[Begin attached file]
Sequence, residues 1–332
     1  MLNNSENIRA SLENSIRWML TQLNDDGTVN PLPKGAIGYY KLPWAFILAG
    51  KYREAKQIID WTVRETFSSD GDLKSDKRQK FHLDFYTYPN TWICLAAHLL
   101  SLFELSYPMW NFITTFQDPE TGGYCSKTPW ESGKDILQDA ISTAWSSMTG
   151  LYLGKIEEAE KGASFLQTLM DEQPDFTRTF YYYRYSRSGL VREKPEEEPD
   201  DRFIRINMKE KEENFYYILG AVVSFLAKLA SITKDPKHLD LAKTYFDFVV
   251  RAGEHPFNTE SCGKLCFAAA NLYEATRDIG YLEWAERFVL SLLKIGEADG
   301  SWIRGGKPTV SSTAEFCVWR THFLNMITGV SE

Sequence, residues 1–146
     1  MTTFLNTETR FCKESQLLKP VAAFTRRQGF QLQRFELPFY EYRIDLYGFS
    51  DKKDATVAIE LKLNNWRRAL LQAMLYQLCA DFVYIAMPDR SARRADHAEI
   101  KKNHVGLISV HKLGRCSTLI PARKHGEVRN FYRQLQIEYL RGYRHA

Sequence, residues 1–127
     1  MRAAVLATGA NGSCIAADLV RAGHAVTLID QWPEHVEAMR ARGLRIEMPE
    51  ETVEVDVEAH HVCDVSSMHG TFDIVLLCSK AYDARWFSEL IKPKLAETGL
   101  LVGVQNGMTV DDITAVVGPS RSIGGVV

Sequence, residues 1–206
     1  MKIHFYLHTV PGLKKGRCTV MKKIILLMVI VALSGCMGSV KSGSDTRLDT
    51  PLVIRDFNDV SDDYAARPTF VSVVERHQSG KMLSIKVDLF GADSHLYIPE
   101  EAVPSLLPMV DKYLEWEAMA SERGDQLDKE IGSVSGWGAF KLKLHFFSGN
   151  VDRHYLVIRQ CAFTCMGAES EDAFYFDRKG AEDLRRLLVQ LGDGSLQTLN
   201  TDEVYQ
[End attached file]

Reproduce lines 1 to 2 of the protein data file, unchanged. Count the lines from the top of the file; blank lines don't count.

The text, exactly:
Sequence, residues 1–332
     1  MLNNSENIRA SLENSIRWML TQLNDDGTVN PLPKGAIGYY KLPWAFILAG